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Obama's Nobel speech

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Kevin Huffman
America's Next Top Pundit winner
Friday, December 11, 2009; 1:00 PM

Kevin Huffman, the winner of the America's Next Great Pundit competition, will be online Friday, Dec. 11 at 1 p.m. ET to discuss his column on Obama's Nobel speech.

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A transcript follows.

Read and watch Huffman's work.

Huffman is a Teach for America executive and a former lawyer and first-grade teacher. An Ohio native, he lives in Washington and finds the city puzzling, amusing and amazing.

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Northern Virginia: My worry is that not as many news consumers are getting exposed to these speeches -- how does that affect their effectiveness and game-changing ability?

Obama's speech on race in Philadelphia was carried live across all networks, as I recall. My belief is that it was assumed ahead of time to be the equivalent of Governor Sanford's melt-down news conference and that Obama's campaign was circling the drain. So of course it got live coverage, like a car crash or a fire. And then the switcheroo--a speech that probably made the history books.

By contrast, the Today Show claimed they would carry the Nobel speech live, and then it was delayed a few minutes, and they didn't carry even a second of it live. Just a few recorded clips out of context later on. Does this indifference by the media mean he can't pull it off anymore? Tell me he can, please!

Kevin Huffman: Hi - Excited to be here to talk Obama or punditry.

This seems like a good place to start. I think your point is interesting. Obviously he suffered by having the speech at 7:30 in the morning here, but it still would seem to be a major network news event. In this case, I think the media at some level bought into the "he didn't deserve the award" rhetoric (which had a fair amount of legitimacy in my view) and let that color the extent to which this was viewed as news.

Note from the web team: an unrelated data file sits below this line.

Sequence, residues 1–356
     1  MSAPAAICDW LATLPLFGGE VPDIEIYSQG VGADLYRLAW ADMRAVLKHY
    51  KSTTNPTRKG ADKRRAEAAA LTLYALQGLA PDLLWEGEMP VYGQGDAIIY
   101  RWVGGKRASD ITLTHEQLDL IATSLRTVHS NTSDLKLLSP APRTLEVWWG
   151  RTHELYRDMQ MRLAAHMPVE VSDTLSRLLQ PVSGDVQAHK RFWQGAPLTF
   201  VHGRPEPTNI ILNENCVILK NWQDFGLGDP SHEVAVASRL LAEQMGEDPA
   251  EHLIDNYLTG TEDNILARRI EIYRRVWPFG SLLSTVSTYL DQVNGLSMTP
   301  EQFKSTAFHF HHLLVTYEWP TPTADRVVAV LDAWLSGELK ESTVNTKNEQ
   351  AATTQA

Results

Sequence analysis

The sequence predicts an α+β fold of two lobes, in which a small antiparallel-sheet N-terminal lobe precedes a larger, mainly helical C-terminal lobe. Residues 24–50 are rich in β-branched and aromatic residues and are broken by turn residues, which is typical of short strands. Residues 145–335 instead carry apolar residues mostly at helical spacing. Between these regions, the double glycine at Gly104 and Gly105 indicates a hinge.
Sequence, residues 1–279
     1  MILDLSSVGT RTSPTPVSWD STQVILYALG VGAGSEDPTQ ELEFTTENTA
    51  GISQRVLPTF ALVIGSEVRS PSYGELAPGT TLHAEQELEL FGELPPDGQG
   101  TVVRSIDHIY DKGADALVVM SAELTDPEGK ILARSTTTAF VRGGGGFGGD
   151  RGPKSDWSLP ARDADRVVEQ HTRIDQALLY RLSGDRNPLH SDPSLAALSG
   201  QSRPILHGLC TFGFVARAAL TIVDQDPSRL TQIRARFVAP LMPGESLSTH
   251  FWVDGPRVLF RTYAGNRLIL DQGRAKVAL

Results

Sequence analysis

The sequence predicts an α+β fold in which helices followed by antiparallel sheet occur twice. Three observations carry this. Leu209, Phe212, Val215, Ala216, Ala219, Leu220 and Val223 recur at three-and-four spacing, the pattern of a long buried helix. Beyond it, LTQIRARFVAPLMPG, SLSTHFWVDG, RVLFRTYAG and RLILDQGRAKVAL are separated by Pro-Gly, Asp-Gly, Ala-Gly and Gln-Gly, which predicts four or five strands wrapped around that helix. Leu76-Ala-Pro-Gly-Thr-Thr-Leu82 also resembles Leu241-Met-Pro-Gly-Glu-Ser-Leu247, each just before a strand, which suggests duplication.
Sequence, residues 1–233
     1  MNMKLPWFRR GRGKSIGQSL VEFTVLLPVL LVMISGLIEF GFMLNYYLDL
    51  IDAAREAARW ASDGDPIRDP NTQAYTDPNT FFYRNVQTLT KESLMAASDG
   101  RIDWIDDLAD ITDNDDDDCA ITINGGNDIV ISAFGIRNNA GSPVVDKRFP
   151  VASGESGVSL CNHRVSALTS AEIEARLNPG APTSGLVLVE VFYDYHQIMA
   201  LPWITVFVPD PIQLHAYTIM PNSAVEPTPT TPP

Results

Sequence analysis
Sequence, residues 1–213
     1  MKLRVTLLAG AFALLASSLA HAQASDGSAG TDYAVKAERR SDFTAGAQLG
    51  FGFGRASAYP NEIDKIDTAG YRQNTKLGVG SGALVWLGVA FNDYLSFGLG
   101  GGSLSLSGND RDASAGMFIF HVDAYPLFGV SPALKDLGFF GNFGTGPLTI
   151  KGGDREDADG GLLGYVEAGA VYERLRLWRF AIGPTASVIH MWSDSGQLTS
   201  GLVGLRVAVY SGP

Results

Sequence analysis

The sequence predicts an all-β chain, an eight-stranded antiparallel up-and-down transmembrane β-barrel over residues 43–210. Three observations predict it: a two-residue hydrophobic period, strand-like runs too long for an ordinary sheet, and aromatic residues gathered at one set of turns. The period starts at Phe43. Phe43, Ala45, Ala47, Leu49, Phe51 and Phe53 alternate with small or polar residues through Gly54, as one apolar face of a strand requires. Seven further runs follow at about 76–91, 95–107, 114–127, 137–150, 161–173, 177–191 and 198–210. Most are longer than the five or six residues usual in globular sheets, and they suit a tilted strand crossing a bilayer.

Love your point that the Philly race speech was carried more because the media thought it would be bad than because they anticipated a great speech - that is interesting.

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San Francisco bay area: Why do you think many who voted for Obama are disappointed and increasingly unlikely to support his reelection.

While I am very disappointed Obama does not support genuine, comprehensive health care reform and has decided upon unnecessary, significant military escalation in Afghanistan, above all he does not seem, as president, despite his campaign of hope and change, any different, in substance, as opposed to oratory, from his recent predecessors. I was hoping and expecting Obama would at least try to keep his promises and not be arrogant.

However, he seems to be a typical politician, who makes campaign promises, only to break many of them after taking office. Obama has developed excess hubris, once he makes a decision he speaks as though his is the only way, belittling other options, whether in domestic or foreign policies. He tries in his major speeches to try to please everyone at least a little, raising the question as to what are, if any, his true principles.